The only thing I would like to try and pin down are some rules of thumb regarding spotting charlatans.

  2. later that day
    If the future determines the past, at what point is the outcome fixed?

    Suppose that further on in the future there is a different version of intelligent life, which we are not considering now. Will that version wipe out our universe retroactively?

    And how do we know that this hasn’t already happened?

    1. Hmmmm

      Will that version wipe out our universe retroactively?

      Maybe that’s what UFOs are: the first signs of the incoming superposition of two realities that are divided by a thinning veil of the the 4th dimension… crashing together right in the middle.

      1. “On the one hand I can
        “On the one hand I can understand this. After all it’s HIS bloody evidence, not mine. But on the other hand, what’s the point of having all those recordings and film and readings and photos if decades pass and the chances of showing it and making a difference go away?”

        I think this is a beautiful position in that it for once asks us to get our priorities straight. It implies that the “evidence” is there but that we may be putting way too much emphasis of the value of this evidence. We may be trying to exhort an epiphany from the discovery of our alien brothers when it could actually be pretty mundane stuff – just more dudes in the universe stuck with the same fundamental imponderables even though their technic is advanced beyond ours. How important is the alien question “really?” Are we like those poor souls who venerate holy relics which turn out to be goat teeth? What if the aliens are just more of us in slightly different garb and faster rides? That might be a huge bummer for people who have invested so much personal salvation in there being space brothers. It is like he is saying that he does indeed have a box full of holy holies but so what? It is clever.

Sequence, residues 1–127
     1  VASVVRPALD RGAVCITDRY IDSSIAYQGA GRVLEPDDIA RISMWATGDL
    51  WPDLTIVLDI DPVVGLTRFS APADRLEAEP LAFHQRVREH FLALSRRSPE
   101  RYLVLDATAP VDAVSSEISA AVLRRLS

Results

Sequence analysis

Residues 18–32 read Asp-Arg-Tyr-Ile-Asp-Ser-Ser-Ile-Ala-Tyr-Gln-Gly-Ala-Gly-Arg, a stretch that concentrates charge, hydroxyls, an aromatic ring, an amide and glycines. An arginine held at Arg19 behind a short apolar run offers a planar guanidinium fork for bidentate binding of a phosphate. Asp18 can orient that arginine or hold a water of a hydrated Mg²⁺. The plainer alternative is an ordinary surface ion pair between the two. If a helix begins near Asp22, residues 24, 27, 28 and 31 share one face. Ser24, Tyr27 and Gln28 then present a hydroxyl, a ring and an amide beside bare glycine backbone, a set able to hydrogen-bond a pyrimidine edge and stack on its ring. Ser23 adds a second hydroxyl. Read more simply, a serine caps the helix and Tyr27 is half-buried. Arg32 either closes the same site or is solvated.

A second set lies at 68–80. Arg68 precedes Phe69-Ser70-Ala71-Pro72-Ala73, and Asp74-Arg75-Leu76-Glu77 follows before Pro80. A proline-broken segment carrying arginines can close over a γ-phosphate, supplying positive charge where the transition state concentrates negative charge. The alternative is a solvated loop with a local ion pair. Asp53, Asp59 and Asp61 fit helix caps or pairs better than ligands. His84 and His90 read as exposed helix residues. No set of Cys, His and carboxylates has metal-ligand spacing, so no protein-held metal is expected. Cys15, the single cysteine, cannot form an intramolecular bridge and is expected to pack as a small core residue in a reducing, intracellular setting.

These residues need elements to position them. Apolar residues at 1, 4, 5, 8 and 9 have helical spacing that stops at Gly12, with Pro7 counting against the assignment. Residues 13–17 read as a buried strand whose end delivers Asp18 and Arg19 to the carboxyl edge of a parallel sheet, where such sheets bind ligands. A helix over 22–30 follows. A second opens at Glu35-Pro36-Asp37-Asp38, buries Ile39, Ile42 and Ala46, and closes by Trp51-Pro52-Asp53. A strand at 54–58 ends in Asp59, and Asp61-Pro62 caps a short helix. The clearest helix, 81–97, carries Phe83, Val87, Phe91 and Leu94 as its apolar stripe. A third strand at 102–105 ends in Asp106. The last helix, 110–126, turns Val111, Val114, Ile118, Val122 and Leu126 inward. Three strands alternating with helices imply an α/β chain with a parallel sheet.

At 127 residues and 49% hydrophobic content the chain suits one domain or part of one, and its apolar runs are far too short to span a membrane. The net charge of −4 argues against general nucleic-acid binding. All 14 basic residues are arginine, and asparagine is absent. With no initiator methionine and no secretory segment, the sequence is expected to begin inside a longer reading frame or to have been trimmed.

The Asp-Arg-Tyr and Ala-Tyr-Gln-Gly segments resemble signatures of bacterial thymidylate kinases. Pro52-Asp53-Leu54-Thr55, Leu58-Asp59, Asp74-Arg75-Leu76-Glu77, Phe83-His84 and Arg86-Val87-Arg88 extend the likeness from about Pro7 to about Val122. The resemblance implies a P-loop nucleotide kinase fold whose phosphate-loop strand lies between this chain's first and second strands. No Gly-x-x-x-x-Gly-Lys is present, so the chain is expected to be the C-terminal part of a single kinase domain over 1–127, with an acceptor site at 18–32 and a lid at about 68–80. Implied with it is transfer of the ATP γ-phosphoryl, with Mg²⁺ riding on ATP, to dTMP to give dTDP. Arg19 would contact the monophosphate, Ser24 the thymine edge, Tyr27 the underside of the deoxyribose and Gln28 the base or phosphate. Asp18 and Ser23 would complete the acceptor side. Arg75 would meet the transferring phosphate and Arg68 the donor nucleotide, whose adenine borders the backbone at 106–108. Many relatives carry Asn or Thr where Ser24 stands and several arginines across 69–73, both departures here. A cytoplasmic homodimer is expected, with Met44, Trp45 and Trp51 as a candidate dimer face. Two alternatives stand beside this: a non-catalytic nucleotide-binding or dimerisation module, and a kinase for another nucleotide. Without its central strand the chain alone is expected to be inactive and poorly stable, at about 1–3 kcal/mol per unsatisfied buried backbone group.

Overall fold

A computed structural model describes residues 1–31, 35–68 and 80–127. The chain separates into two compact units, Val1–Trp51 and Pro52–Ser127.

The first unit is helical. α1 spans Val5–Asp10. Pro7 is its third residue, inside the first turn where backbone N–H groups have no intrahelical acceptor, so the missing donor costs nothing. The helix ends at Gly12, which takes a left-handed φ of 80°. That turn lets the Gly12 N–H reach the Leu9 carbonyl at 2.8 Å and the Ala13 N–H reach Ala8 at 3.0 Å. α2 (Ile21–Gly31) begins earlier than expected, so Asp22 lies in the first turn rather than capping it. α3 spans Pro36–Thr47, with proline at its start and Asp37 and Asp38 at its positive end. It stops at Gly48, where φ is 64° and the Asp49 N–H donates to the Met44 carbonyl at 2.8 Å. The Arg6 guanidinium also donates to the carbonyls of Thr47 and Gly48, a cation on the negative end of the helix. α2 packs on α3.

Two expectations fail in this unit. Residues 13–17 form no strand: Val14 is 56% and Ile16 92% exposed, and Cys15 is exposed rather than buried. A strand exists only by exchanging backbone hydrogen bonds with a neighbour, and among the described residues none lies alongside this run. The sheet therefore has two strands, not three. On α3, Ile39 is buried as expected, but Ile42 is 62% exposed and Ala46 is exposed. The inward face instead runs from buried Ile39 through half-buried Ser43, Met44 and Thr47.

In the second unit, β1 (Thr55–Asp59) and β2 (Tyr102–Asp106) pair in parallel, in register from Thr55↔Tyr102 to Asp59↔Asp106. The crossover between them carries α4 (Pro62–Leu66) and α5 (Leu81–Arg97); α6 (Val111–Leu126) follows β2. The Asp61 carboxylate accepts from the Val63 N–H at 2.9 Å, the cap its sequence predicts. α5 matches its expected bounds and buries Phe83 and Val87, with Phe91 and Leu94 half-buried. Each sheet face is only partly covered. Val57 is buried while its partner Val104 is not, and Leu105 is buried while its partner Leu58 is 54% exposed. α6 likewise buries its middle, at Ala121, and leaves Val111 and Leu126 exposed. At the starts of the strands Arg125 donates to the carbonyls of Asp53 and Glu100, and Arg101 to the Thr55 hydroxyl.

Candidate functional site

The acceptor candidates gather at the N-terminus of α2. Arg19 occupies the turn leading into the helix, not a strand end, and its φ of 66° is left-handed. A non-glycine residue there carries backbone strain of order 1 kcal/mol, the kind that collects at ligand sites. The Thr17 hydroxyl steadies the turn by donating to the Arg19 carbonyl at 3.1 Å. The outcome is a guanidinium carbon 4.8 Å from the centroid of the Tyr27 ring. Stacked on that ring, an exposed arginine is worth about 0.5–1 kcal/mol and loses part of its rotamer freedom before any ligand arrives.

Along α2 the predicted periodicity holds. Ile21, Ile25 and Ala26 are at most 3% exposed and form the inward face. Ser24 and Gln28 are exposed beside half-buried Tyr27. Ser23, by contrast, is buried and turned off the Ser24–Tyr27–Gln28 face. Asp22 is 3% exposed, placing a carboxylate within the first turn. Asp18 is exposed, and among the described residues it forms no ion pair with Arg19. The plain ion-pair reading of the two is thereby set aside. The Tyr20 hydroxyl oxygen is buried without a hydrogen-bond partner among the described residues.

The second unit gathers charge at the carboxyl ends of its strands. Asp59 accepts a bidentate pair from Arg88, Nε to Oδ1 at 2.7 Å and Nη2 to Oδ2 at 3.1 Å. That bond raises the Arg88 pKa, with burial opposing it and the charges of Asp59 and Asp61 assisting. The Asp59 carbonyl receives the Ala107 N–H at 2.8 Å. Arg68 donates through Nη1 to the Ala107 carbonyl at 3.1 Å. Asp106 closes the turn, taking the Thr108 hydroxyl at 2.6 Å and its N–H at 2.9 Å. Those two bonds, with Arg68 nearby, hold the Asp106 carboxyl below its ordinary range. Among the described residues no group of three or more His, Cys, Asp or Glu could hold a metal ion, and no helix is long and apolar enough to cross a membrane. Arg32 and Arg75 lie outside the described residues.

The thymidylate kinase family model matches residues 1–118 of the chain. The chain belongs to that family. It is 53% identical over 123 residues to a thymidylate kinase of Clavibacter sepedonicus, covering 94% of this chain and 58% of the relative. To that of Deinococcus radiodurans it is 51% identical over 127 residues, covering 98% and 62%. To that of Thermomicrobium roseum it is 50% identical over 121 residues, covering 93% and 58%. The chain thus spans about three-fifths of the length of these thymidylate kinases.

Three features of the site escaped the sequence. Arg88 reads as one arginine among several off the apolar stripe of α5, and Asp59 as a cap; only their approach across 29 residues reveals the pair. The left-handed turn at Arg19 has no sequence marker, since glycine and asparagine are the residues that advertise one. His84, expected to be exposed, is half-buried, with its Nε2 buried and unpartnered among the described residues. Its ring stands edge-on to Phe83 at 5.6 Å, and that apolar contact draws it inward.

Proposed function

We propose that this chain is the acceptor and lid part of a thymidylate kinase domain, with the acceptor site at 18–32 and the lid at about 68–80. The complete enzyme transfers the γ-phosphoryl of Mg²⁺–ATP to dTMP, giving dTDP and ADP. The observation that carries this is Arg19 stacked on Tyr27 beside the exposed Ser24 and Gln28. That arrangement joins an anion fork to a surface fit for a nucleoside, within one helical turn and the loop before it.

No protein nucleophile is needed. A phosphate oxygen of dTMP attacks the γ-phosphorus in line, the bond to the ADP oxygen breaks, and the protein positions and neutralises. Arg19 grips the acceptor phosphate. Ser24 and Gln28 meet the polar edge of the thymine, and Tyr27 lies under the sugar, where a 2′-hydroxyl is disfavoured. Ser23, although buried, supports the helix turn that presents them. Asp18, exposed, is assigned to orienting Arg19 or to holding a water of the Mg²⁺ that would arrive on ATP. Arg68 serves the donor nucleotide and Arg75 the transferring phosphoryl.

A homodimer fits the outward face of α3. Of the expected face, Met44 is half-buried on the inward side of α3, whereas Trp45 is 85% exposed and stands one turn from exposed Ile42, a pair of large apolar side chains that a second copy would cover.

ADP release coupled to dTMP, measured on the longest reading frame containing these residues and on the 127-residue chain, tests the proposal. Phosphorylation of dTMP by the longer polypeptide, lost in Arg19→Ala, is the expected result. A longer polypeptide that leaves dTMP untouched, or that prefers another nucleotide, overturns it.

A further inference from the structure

1. I always get a chuckle out of
          I always get a chuckle out of the “problem” that the universe is freakishly suited to spawning life or supporting a large, complex frame work upon which to hang matter. It overlooks the perhaps zillions of times a universe falls apart or fails to materialize coherently. This one we observe now may have been one in a trillion that just happened to “work.” We can’t really be amazed by the “fantastic odds” because we have no idea how many previous attempts failed.

          1. Pontiac Moon
            There’s this move with Ted Danson, called Pontiac Moon.

            In it, Danson plays the role of this excentric but passionate school teacher, who tells his students that when a man ejaculates, it releases on average 100 million sperm cells —which is comparable to the entire population of the United States*.

            So, he concludes, each and every one of those students is already the best of 100 million. Weird —and gross!— but effective inspirational talk 🙂

            (*)The movie is set in 1969.

          2. Future influencing the past
            Future influencing the past is one of those ideas one has to “inhabit” by which I mean you have to pretend if possible that there is nothing extraodinary about the idea and that you see examples of it all the time every day. This is much easier said than done, but it is one of those conundrums that ought to be worn like a disguise for awhile if you can. Try it. The result might shock the crap out of you.